Up to 80% of dementia patients living in nursing homes also experience pain, but many struggle to communicate their symptoms.

A new, $2.1 million study aims to test recently revised guidelines for staff members tasked with detecting and managing that pain. Researchers also plan to infuse pain management strategies — including non-pharmacological interventions and more personalized approaches —  into daily operations and organizational culture.

Barbara Resnick, PhD, RN, professor and associate dean for research at the University of Maryland School of Nursing, will lead the project at 12 nursing homes over the next five years.

“We don’t do a good job of assessing, diagnosing the underlying cause of the pain and then managing it,” Resnick told McKnight’s Long-Term Care News Tuesday. “We don’t in general with anyone, but particularly not in older adults, and particularly not in people who are living with dementia. They can’t express it, and it’s hard to interpret pain symptoms.”

The study, supported by a grant from the National Institutes of Health’s National Institute on Aging, builds on a previous pilot in two facilities. Resnick contributed to the development of AMDA’s revised Pain Management Clinical Practice Guideline, which will be implemented and studied as staff improve their pain management skills.

“We try through this study to have staff use multiple different ways to look for pain and then also, really get people to think about what could be the cause of this pain,” Resnick said. “Sometimes, it’s as simple as a fingernail digging into your hand. There can be a sore somewhere that nobody relied was there.”

Assessing and evaluating better

The study will emphasize non-drug solutions such as repositioning, ice, heat, distraction and music that have been proven to be effective pain relief strategies. The goal is to make staff more cognizant of the need to deploy them, and to understand when they should be used before or in conjunction with medications.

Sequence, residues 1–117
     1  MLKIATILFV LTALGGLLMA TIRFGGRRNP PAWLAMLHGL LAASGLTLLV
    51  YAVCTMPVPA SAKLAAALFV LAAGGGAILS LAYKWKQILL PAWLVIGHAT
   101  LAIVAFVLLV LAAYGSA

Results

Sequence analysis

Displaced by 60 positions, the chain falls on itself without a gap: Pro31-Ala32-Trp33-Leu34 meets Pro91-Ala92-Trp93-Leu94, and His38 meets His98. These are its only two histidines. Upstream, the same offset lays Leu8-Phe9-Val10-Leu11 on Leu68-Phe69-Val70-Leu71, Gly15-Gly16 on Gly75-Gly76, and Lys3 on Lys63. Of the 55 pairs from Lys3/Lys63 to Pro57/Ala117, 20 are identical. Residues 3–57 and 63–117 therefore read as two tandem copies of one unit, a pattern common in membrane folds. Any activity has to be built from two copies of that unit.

“What we’re testing is how to implement the use of a clinical practice guideline for pain management in nursing home residents so that the staff will use it, the staff will help make sure that the residents will engage in the behaviors that they need to, for example, range of motion exercises,” Resnick said.

“Mostly what we are looking at are staff behaviors with regard to residents, and they’re all things that we’re required to do,” she added. “Assess and evaluate pain: That’s a requirement, but that doesn’t mean that it always gets done in the best way possible.”

There will also be a focus on improving documenting and care planning to include more personal recommendations that are re-evaluated on an ongoing basis. Should a patient need pain medication, implementing the guideline should present opportunities to reassess that need and, potentially, deprescribe or reduce dosage, Resnick said.

The study pairs each facility testing with a nurse facilitator who will work with an on-site champion over a full year. They will follow a four-pronged approach that: 

  • establishes and meets monthly with a stakeholder team
  • educates staff
  • mentors and motivates staff to address pain
  • evaluates resident pain outcomes on an ongoing basis.

Throughout the study, researchers will track whether the interventions decrease pain intensity among nursing home resident participants and evaluate whether treatments are delivered competently and as intended.